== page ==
The UN Security Council on Wednesday unanimously backed sanctions against supporters of the former regime in Yemen who try to impede its political transition.
The wording of the measure "calls upon all Yemenis to fully respect the implementation of the political transition," and targets any person or entity who would "threaten the peace, security or stability of Yemen."
Mark Lyall Grant, UN ambassador representing Britain, which sponsored the resolution with strong backing from France and the United States, said it is needed to complete the process of "turning the page from the presidency of Ali Abdullah Saleh."
"The international community continues to focus on Yemen and wants to support the Yemeni people towards a more stable and prosperous future," the British diplomat said.
Saleh stepped down as Yemen's president in February 2012 after a year of popular protests.
Since his departure, the country has been in the grip of deadly unrest, often fomented by recalcitrant backers of his regime.
The resolution states that sanctions will be aimed at those found to be "obstructing or undermining the successful completion of the political transition" in Yemen.
The measure will create a three-member panel, under the aegis of the Security Council, to oversee the imposition of sanctions, including decisions on who would be targeted.
"Those wishing to derail the political transition will face swift and firm consequences through the new sanctions committee," said Lyall Grant, who praised the international cooperation that made a united vote possible.
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"When this Council works together, and delivers tough messages, it can create the catalyst for change," he said.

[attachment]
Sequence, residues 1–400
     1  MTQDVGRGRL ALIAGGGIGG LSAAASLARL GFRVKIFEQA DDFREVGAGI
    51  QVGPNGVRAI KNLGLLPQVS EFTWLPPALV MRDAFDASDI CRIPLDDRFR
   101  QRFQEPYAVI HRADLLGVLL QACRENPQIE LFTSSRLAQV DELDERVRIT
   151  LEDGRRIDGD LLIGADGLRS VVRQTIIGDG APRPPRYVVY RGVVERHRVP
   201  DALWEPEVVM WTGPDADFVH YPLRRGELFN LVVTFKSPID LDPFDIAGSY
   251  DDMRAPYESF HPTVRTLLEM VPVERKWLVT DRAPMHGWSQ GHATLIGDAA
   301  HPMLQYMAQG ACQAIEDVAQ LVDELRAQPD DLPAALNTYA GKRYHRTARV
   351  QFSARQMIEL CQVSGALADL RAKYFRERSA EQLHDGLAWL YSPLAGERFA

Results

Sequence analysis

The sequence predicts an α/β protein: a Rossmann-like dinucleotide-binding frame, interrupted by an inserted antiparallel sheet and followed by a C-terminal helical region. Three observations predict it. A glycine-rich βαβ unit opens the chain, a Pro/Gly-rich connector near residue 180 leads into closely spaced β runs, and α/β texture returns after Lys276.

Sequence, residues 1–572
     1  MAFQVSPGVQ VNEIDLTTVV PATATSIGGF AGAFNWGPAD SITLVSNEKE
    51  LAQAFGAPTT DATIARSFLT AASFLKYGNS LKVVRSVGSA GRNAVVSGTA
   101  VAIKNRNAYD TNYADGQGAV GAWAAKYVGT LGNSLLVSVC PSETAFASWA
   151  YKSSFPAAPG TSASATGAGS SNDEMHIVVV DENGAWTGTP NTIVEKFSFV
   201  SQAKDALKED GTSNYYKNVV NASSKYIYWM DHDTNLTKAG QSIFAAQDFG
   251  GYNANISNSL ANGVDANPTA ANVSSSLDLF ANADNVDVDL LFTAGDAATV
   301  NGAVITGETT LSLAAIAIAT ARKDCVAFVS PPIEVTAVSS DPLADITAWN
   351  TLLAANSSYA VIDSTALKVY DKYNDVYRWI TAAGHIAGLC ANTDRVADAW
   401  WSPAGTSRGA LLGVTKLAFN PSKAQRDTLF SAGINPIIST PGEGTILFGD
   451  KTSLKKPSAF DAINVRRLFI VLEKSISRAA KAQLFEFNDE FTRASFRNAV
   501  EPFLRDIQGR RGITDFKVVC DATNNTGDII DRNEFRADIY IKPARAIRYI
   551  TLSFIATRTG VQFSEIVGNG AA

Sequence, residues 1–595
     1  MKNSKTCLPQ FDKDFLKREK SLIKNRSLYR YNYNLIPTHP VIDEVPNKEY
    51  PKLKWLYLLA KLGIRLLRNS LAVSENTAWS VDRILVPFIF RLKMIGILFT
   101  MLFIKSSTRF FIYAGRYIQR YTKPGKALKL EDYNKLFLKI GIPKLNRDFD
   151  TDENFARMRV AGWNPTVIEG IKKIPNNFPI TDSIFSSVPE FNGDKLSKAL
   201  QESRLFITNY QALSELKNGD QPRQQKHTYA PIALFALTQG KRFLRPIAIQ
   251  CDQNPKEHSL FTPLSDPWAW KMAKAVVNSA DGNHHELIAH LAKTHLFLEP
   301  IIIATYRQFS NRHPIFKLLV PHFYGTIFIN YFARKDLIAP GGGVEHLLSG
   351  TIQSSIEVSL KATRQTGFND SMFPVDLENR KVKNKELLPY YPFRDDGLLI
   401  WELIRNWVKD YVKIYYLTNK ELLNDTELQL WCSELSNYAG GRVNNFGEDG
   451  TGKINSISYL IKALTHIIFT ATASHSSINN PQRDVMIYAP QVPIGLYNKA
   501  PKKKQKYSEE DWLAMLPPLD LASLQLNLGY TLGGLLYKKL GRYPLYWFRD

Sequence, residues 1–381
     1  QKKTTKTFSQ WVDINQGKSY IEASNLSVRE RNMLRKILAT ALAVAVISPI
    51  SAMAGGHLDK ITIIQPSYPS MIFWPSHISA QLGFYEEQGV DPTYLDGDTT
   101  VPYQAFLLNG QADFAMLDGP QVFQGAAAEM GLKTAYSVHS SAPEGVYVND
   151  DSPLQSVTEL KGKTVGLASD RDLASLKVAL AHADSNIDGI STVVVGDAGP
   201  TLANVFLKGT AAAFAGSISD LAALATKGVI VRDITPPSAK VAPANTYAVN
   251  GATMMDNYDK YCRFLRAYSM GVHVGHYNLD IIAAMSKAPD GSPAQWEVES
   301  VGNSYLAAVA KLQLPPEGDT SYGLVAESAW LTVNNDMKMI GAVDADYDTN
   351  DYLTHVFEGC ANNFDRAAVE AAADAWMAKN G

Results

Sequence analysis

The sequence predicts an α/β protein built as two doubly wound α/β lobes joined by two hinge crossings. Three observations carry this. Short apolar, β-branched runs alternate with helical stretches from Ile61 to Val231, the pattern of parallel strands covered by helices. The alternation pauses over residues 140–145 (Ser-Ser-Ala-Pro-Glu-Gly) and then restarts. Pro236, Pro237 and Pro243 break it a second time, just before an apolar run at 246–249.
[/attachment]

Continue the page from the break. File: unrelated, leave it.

The measure states that its targets include include anyone committing "attacks on essential infrastructure or acts of terrorism" as well as those who violate human rights and international humanitarian law.
It is to remain in force for an initial period of one year.
Yemen, the Arab world's poorest country, is grappling with an increasingly violent separatist movement in the south, which was independent between the end of British colonial rule in 1967 and union with the north in 1990.
Some countries had wanted former president Ali Abdullah Saleh, often blamed for the unrest, named in the document, but the resolution refrains from listing any specific individuals or entities.
The vote follows a national conference in Yemen last year which brought together representatives of different political families -- excluding southern secessionists -- and laid the foundations for a six-state federation.
Under the plan the area of former South Yemen would be divided into two regions, while the north would be divided into four regions.
Overseen by the UN and the Gulf states, the conference was one of the keystones that permitted President Abdrabuh Mansur Hadi to succeed Saleh in 2013, after a year of popular protests.
Hadi has promised to prepare a new constitution and to transition the country into a federal state. But southerners have strongly opposed the push for federalism.